45 F.3d 1464 (10th Cir. 1995)
Plaintiff consumer filed an action against defendant trampoline manufacturer under theories of strict tort liability and negligence for stress fractures resulting from the repetitive running on a trampoline. The jury rendered a verdict for the consumer. The United States District Court for the District of Kansas granted the manufacturer's motion for judgment as a matter of law. The consumer appealed.
OVERVIEW: The consumer purchased a mini-trampoline from the manufacturer which she used for jogging. She was diagnosed as having stress fractures in the ankles and filed a suit against the manufacturer alleging the repetitive use of the mini-trampoline caused the stress fractures and that the mini-trampoline was defectively designed and contained inadequate warning. The jury found the manufacturer liable under strict tort liability and negligence for its failure to warn. The district court granted judgment as a matter of law for the manufacturer.
On appeal, the court held the judgment was erroneous. The mini-trampoline was defective because the manufacturer failed to warn the consumer of a foreseeable danger arising from its normal use and the manufacturer had a duty to warn of foreseeable dangers.
-The jury could have reasonably found the consumer's injury was causally related to repetitive jogging on the mini-trampoline and concluded that the manufacturer should have warned users of such danger, which was eminently knowable, or foreseeable, given the state of the art.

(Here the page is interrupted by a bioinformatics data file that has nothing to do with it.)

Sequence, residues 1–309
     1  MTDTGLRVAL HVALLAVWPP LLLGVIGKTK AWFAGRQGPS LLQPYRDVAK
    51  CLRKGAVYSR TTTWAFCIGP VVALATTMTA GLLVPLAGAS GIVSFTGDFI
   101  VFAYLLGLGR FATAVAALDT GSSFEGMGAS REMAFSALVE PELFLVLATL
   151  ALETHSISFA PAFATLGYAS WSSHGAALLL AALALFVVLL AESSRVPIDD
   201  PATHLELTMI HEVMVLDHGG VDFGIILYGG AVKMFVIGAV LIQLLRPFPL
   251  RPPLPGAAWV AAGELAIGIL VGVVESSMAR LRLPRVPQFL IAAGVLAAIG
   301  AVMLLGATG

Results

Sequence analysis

-The manufacturer should have known of the danger because reasonable tests would discovered the danger.
-In determining warning issues, the test is reasonableness.
-In all warning cases, either negligence or strict liability, even if a plaintiff or the court claims to analyze failure to warn or inadequacy of warning in the context of a strict products liability claim, the tests actually applied condition imposition of liability on a defendant's having actually or constructively known of the risk that triggers the warning.
-One who sells any product in a defective condition unreasonably dangerous to the user or consumer or to his property is subject to liability for physical harm thereby caused to the ultimate user or consumer, or to his property, if (a) the seller is engaged in the business of selling such a product, and (b) it is expected to and does reach the user or consumer without substantial change in the condition in which it is sold. (2) The rule applies although (a) the seller has exercised all possible care in the preparation and sale of his product, and (b) the user or consumer has not bought the product from or entered into any contractual relation with the seller.
OUTCOME: The court reversed the district court's grant of judgment as a matter of law for the manufacturer and remanded to the district court to reinstate the jury's verdict in favor of the consumer and to enter a judgment on the verdict.
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